The new 22-page gun control initiative unveiled by the billionaire-backed Alliance for Gun Responsibility includes what the National Rifle Association has labeled as a “tax” on the purchase of so-called “assault weapons,” a registry on these firearms, and a politically-charged “warning” mandate on all gun purchases.
It also raises the minimum age for purchasing a “semiautomatic assault rifle” to 21, requires proof of gun safety training during the previous five years, and annual state verification that people who have purchased a handgun or semi-auto rifle remain eligible to possess the guns.
There’s also a ten-day waiting period on the delivery of a so-called “assault weapon.”
Last Saturday at the state capitol in Olympia, an estimated 2,500 Second Amendment activists made it clear they will fight this measure. That fight could take a lot of money, lots of volunteer energy and a gun owner voting effort reminiscent of the defeat of Initiative 676 in 1997.
Offensive to many of those activists is this warning:
“CAUTION: The presence of a firearm in the home has been associated with an increased risk of death to self and others, including an increased risk of suicide, death during domestic violence incidents, and unintentional deaths to children and others.”
This warning, the NRA asserts, is “an attempt to further stigmatize firearms.”
The NRA’s assertion that this initiative creates a registry appears to be on solid ground. Proof is found in Section 14 of the initiative, which states, “The department of licensing ((may)) shall keep copies or records of applications for concealed pistol licenses provided for in RCW 9.41.070, copies or records of applications for alien firearm licenses, copies or records of applications to purchase pistols or semiautomatic assault rifles provided for in RCW 9.41.090, and copies or records of pistol or semiautomatic assault rifle transfers provided for in RCW 9.41.110. The copies and records shall not be disclosed except as provided in RCW 42.56.240(4).”
Also, the annual verification of gun ownership eligibility can only be accomplished one way, and that is if there is a registry.
The further allegation that this measure contains a tax depends upon how one interprets the following tenet of Section 3:
“To help offset the administrative costs of implementing this section as it relates to new requirements for semiautomatic assault rifles, the department of licensing may require the dealer to charge each semiautomatic assault rifle purchaser a fee not to exceed twenty-five dollars, except that the fee may be adjusted at the beginning of each biennium to levels not to exceed the percentage increase in the consumer price index for all urban consumers, CPI-W, or a successor index, for the previous biennium as calculated by the United States department of labor.”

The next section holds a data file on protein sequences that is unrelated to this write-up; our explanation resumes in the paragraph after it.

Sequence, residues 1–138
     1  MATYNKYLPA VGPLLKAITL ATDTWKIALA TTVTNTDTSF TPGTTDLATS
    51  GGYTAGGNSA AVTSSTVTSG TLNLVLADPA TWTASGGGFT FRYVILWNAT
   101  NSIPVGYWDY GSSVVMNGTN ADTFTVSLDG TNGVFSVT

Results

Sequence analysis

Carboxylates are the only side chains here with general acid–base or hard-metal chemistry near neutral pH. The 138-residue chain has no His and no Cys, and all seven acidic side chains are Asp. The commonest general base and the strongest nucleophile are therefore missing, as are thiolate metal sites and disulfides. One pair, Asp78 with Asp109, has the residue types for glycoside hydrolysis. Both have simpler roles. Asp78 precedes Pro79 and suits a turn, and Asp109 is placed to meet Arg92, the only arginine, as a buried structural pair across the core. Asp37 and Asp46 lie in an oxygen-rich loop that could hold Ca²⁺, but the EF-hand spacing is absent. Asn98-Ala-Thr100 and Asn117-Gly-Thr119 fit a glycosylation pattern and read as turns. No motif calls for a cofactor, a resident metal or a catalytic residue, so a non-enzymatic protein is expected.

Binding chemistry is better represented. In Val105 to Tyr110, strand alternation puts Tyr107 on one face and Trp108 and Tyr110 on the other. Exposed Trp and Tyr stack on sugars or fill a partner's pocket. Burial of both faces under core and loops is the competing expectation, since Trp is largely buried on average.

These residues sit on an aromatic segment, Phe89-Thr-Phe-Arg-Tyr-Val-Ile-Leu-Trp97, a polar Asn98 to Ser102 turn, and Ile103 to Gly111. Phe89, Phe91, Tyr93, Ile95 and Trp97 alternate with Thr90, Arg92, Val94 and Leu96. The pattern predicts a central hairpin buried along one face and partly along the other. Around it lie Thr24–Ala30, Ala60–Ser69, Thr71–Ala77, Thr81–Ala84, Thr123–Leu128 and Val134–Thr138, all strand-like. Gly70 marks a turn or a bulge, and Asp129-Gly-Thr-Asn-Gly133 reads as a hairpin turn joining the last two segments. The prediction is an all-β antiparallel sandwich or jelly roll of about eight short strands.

The entire first section of this initiative reads like a political statement, to which Washington gun owners may object.
“Gun violence,” the measure claims, “is far too common in Washington and the United States. In particular, shootings involving the use of semiautomatic assault rifles have resulted in hundreds of lives lost, devastating injuries, and lasting psychological impacts on survivors, their families and communities. Semiautomatic assault rifles are specifically designed to kill quickly and efficiently and have been used in some of the country’s deadliest mass shootings, including in Newtown, Connecticut, Las Vegas, Nevada, and Parkland and Orlando, Florida, among others. Semiautomatic assault rifles have also been used in deadly shootings in Washington, including in Mukilteo and Tacoma.”
According to the FBI Uniform Crime Report for any given year, rifles of any kind are used in a fraction of homicides.
The initiative language also includes this: “Enough is enough. The people find and declare that it is crucial and urgent to pass laws to increase public safety and reduce gun violence.” Does pure political rhetoric belong in state statute?
Evergreen State voters most likely will see this measure on the November ballot, the Everett Herald predicted. The Alliance, with its deep pocket support from local billionaires and former New York Mayor Michael Bloomberg, will also likely spend a fortune in an effort to pass it.